Put strategies in place to make it easier for yourself to keep the good habits. It starts with the planning you do now to prepare yourself for a great spring. Avoid the Groundhog Day scenario of getting to April and feeling as stressed out as you did last year by implementing a tax strategy now. For example, figure out where you’ll make charitable contributions, if you want to contribute to a 529 plan, and how you’ll add to your retirement funds. At the end of “Groundhog Day,” Bill Murray’s character realizes what’s important in his life. His change of heart (spoiler alert) finally propels him out of the day he’s reliving, and as they say, he lives happily ever after. May you find your own epiphany this month.

-Jeff and John Zufall

(636) 394-5524 1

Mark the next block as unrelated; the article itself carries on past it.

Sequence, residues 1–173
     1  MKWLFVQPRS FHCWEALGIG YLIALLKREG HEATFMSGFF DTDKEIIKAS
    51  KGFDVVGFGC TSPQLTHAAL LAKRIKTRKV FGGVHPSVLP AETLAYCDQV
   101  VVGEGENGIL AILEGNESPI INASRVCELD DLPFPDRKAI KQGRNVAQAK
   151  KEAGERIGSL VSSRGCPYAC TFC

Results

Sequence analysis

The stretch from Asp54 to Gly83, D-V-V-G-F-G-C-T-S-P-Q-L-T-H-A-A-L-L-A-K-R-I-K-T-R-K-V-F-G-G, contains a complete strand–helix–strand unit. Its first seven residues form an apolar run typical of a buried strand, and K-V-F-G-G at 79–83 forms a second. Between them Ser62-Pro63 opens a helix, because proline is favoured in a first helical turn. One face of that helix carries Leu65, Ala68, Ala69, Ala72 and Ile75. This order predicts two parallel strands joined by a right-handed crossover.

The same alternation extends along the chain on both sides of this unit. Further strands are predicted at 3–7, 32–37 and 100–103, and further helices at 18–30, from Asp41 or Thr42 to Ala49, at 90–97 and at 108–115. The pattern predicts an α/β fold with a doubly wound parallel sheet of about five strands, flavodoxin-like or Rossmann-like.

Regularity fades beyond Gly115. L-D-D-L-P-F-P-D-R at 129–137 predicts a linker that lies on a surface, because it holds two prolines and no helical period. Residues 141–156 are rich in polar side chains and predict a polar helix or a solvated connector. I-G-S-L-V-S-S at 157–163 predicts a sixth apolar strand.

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Every four years, February gains an extra day at the end of the month. But what does this contribute to the year as a whole? You might be surprised by what this one day does for us! The 365 days in each year represent the time it takes for the Earth to circle the sun. However, the orbit actually takes nearly a quarter of a day longer than that.The additional 0.2421 of a day might not seem like it would make a significant impact, but after a few decades, it adds up. To ensure the calendar and seasons stay on the right timeline, the leap day was created. The Start of the Leap Year The Egyptians were the first to officially calculate how many days it takes to orbit the sun, revealing the need for a leap year. Europeans at the time used a calendar that followed a lunar model, which needed an entire month added to retain consistency.The leap year wasn’t introduced into Europe until the reign of Julius Caesar. With the help of astronomer Sosigenes, Caesar created the Julian Calendar, which included 12 months and 365 days, with a single day added every fourth year. However, the Julian Calendar wasn’t perfect, because 0.2421 of a day can’t be rounded to a multiple of five, so it caused the calendar to have an extra 11 minutes every four years. Pope Gregory XIII fixed the problem in 1582 by creating the Gregorian Calendar. Now, a leap year occurs every four years except for the years that are evenly divisible by 100 and not 400. For instance, 1800 and 1900 were not leap years because they The odds of being born on Feb. 29 are about 1 in 1,500, which leaves approximately 187,000 people in the U.S. and 4 million people around the world celebrating their birthdays on Feb. 28 or March 1. People born on a Leap Day are faced with dilemmas such as which date they should receive their driver’s license. Although it varies from state to state, most consider March 1 the appropriate day for leap-year 16-year-olds — who are celebrating their fourth “official” birthday — to receive their license. The Calculations That Leave Us in Need of an Extra Day WHY DOWE NEED A LEAP YEAR? were divisible by 100. A Leap Day Birthday